The proliferation of commercialism paves the way for vested interests that perhaps accurately reflect the rest of America in the ‘90s. Climbing today is not only mainstream, it is business, and with that comes the rising tendency for climbing decisions—objectives as well as tactical decisions made on a climb—to be business decisions as well. The up-side to that is that now climbers—like skiers and sailors before them—can make a living from what they love to do. The down-side can be seen in increased crowds at the crags, the proliferation of new regulations aimed at climbers, and, today and forever more, the “circus” at Everest Base Camp.

Perhaps the most hotly debated topic in 1996 and the early part of 1997 was the matter of summits. Three climbs in particular focused the debate on this continent. Mt. Kennedy, Shipton Spire, and Beauty is a Rare Thing on the northwest face of the west buttress of Denali are all climbs without summits, but each is a unique accomplishment, and each must be weighed on its own merits. Shipton Spire, an incredible granite monolith rising out of a Pakistan glacier, begs a simple question: Is a new route on an unclimbed formation that gets to within a matter of feet of the physical top a first ascent? A Pair of Jacks on Mt. Kennedy expands the discussion: Is a route that climbs through the technical difficulties of an unclimbed feature to join with an established line a new route or an attempt? Steve House’s brilliant climb, Beauty is a Rare Thing, was made with no intention of continuing to the summit. It was an incredible accomplishment; but where is the delineation point between a new route and an attempt?

Adding pepper to the stew was this year’s ascent of Cerro Torre by Spaniards Simon Elias and Josu Merino, who climbed the Ferrari route on the west face, and—significantly—continued to the top of the summit mushroom, which they declared to be the hardest, most dangerous part of the climb. Theirs was the first complete ascent of Cerro Torre since the beginning of the decade; most parties have been content in recent years to stop climbing at the top of the headwall. (Last year, in fact, the “first British ascent” of Cerro Torre was reported in the pages of this journal. As with a growing number of Patagonian “ascents,” the climbers stopped at the top of the rock pitches but beneath the summit mushroom.) Does the Spaniard’s ascent have any affect on previous climbs that did not reach the physical top? And what of Shipton Spire, which as we go to press has a strong American team headed over to attempt it? If they get higher than this year’s team, will they be able to claim the first ascent?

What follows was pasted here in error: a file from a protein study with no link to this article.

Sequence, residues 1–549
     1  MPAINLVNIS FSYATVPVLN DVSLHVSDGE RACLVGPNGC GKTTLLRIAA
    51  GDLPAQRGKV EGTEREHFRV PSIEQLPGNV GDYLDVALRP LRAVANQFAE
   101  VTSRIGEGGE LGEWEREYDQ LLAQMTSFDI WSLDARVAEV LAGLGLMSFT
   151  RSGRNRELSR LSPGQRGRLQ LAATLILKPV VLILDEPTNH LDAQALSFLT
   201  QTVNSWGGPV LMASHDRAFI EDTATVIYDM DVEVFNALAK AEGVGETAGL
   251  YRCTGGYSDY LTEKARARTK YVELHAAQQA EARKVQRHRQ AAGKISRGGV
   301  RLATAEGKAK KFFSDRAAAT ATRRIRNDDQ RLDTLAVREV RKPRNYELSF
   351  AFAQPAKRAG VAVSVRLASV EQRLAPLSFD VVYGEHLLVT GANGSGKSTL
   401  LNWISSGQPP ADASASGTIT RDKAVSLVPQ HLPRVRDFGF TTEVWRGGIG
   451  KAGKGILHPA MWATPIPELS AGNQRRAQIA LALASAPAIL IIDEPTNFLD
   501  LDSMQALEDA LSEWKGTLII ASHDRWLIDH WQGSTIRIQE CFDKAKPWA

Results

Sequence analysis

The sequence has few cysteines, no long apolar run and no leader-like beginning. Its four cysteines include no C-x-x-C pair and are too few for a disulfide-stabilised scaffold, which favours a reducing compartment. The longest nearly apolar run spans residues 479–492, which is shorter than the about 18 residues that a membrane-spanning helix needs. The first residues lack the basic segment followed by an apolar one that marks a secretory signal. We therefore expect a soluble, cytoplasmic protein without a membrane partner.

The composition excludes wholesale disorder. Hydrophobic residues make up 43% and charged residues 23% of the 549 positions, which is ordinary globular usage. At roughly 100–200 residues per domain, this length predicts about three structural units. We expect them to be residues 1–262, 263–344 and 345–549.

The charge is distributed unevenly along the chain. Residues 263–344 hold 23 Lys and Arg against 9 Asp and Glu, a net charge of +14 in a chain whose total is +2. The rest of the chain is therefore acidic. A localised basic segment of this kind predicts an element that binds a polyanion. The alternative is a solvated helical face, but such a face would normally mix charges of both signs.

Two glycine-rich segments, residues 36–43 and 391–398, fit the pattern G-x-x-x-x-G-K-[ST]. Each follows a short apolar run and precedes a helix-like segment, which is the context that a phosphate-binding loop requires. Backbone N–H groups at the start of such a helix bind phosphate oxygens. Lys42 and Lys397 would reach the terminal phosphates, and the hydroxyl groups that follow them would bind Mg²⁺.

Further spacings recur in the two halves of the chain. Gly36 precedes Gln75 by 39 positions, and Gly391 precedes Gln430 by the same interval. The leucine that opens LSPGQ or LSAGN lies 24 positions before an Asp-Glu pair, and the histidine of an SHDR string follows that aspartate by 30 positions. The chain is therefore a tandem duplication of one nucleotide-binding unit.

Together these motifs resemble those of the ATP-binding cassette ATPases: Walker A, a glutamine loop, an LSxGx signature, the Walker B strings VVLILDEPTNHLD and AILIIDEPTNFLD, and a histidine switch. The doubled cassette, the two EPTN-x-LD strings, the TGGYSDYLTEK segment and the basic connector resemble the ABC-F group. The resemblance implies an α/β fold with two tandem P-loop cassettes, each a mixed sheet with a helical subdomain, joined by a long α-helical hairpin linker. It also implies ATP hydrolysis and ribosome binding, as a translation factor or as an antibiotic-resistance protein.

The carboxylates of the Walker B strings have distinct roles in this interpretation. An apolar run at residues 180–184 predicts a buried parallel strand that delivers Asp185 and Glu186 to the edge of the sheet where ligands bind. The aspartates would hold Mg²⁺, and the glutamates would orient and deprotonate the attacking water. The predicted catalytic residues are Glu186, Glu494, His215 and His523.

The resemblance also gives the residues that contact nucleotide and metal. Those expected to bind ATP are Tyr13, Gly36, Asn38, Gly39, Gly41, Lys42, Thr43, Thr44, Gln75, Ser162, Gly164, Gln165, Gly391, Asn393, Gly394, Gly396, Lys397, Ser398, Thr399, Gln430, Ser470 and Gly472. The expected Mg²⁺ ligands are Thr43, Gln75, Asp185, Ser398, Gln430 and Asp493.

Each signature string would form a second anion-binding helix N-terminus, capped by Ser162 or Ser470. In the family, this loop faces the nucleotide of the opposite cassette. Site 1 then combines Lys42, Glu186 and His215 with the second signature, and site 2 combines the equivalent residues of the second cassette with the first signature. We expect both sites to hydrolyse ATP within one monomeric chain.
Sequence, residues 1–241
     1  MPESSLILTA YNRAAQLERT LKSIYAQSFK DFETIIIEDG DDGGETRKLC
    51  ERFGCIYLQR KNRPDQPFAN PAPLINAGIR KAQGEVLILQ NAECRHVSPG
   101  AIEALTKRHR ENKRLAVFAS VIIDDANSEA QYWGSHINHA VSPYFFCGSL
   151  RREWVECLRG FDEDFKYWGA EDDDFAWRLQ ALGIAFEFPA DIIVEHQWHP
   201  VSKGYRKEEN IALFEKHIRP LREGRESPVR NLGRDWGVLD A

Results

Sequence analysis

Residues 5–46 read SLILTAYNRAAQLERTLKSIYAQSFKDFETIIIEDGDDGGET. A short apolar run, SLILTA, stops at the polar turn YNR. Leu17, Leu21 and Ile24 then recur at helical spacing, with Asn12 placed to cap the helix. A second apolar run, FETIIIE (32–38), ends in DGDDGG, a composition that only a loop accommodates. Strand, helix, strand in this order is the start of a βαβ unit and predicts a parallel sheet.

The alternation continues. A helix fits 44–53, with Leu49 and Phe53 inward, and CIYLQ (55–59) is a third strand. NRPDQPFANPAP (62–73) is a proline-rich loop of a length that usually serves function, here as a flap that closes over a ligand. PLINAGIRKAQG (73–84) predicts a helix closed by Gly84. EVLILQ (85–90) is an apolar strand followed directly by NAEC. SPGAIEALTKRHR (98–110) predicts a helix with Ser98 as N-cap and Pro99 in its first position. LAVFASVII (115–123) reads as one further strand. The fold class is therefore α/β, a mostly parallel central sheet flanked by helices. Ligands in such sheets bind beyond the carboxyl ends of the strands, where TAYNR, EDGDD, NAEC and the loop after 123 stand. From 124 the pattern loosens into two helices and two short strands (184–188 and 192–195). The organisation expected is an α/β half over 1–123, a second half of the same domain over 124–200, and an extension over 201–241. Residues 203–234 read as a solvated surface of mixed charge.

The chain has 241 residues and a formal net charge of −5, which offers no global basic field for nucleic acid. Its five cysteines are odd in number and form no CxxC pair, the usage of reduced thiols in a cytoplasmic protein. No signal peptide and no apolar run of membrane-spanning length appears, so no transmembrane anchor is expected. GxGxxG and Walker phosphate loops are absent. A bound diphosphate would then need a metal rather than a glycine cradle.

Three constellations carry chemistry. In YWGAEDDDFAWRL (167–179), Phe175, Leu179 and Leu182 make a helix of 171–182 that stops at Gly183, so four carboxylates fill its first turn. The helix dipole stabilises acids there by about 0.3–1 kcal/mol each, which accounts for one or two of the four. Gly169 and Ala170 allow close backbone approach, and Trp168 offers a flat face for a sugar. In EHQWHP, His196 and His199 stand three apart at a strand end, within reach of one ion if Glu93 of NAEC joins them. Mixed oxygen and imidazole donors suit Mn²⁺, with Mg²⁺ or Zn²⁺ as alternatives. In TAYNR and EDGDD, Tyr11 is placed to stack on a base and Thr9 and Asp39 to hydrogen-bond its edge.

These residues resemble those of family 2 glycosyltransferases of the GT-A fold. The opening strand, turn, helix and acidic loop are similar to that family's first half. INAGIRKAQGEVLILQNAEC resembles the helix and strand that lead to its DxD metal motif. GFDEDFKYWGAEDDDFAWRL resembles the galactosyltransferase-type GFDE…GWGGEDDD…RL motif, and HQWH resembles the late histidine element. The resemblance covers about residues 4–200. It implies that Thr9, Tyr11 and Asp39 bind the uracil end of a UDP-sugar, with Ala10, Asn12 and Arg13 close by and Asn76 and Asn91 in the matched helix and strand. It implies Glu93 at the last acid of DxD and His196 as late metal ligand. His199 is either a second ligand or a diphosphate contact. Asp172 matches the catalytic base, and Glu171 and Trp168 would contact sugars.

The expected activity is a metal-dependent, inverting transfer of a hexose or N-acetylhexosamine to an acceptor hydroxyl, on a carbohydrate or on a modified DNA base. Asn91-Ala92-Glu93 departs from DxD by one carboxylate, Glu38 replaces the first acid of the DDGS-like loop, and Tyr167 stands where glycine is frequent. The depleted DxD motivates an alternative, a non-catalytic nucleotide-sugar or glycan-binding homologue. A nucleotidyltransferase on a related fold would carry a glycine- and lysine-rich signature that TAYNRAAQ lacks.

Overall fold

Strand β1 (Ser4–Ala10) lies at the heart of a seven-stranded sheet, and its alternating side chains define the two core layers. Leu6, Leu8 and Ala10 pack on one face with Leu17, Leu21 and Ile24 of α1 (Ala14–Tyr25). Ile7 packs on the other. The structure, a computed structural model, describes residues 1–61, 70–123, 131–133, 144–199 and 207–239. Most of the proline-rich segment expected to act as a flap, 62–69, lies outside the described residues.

The discussion can be expanded to the Himalaya. Broad Peak and Shishapangma both have foresummits a few meters lower than their true summits, which are problematically far enough away that some choose not to continue on and climb them. It is becoming common to see these climbs reported as “ascents” of the mountains. Should these be accepted as true ascents? Or should mountaineering continue to cherish the summit as the goal of its endeavors, a metaphor for all to which we aspire?

In the midst of the debate, honesty in reporting one’s accomplishments remains climbing’s unassailable cornerstone, and abuse thereof is held in rightful contempt by the community. For the purposes of the Journal, we will continue to consider a first ascent one that reaches the physical top of a formation and new routes those that either reach the summit or connect with a previously established line. These are our guidelines; as Michael Kennedy points out, publications such as the Journal record events, while history, and those who contribute to it, come to their own conclusions in time. We invite you to read this volume, weigh what you find against your own experiences, and decide for yourself your thoughts on the matters laid out in its pages. And we encourage you to keep striving for the excellence within yourself that climbing can bring.


Christian Beckwith, Editor